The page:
Two weeks ago, I focused on the recent explosion of mobile TV and its related products. While I only hinted on the viability of advertising within this burgeoning on-the-go medium, a recent news release from mobile marketing technology provider iLoop Mobile urged me to explore the advertising side further.
For the uninitiated, iLoop Mobile is a San Francisco mobile content provider which serves everyone from mom n’ pops shops to the Fortune 100s. While it would be very naive to say the company’s spearheaded the mobile marketing movement, iLoop Mobile is nonetheless a constant presence at events like the Mobile Marketing Roadshow.
The company’s latest endeavor, though, is a “mobile storefront” cross-promotion with Bravo, specifically touting the cable network’s two biggest shows — “Project Runway” and “Queer Eye.” With Monday’s launch of Bravo To Go, mobile phone users will now be able to purchase wallpaper as well as ringtones featuring both shows’ theme songs at $1.99 a pop.
Mobile storefronts are a great way for a brand to leverage its existing content,” boasts iLoop VP of Marketing and Investor Relations John C. Myung. “They have steadily grown, and now in the Americas, it’s really starting to take off, allowing the transaction of selling content to consumers with cell phones.”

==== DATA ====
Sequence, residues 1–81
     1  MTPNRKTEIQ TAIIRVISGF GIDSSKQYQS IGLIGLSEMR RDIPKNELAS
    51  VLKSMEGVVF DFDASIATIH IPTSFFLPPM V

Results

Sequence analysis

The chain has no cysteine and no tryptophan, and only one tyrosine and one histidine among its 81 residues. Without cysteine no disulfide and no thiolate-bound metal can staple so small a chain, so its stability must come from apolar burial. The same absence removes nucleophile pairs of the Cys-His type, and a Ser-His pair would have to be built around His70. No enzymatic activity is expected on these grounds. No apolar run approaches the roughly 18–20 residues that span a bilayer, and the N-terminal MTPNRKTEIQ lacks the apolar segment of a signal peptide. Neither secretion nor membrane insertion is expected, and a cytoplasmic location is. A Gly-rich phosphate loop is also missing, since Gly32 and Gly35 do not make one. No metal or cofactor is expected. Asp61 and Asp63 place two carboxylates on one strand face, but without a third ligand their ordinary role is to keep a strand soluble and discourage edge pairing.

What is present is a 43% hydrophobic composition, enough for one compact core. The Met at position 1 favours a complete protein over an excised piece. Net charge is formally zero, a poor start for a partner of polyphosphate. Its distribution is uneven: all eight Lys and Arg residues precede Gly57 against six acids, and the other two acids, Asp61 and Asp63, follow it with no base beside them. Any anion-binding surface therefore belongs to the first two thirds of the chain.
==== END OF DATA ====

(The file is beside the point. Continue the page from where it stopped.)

While it’s intriguing to see a major television network regard mobile branding in the same way they would online (Bravo is promoting the storefront on its homepage as well as during its on-air programming), some parties are skeptical of the power of a mobile storefront- especially those which gain revenue exclusively from ringtones and wallpapers. “Ringtones [have] taken off with the kids,” observes Tony Quin, CEO of creative agency IQ Interactive. “But I don’t think ringtones make an industry. I’m sure it’s very profitable, but it’s tiny. It’s not revolutionizing marketing and advertising in the world.”
It’s this kind of backlash that serves as a crutch for mobile marketing’s development. While Myung is quick to proclaim 2006 as “the year of mobile” citing that “the technological barriers have been removed” and that “brands are now seeing that they can go ahead and do these discrete campaigns and touch the end consumer,” some like Avenue A | Razorfish VP of Media Sarah Kim Baehr write off such commentary as hyperbole.
“I would say calling it ‘the year of mobile’ is a stretch,” the veteran buyer/planner jests. “Everyone’s trying to come up with a new thing to focus on. But mobile isn’t a new opportunity, it’s just probably a little bit more viable. I think from an audience perspective, just in general, there is a mass audience in terms of mobile phones. Whether or not that will actually translate into a viable advertising opportunity is another story.”
She adds, “The mass audience is going to globally have telephones, but I just don’t think that we’ve necessarily come up with the best way to leverage that regardless of a video impact.”
Quin echoes Baehr’s sentiment, but takes a less diplomatic approach, saying, “I don’t think it’s the year of mobile. It could be hyped into the being the year of mobile. It will only be the year of mobile when the consumers embrace it and agree to make it the year of mobile. That hasn’t happened. You’ve got a capability out there [where] a lot of people within the new media world would like to make everybody excited. We’re in a hype phase, but that doesn’t necessarily mean it’s going to happen.”
Is it an online bias that’s guiding these reactions? Quite possibly, but both parties have a point.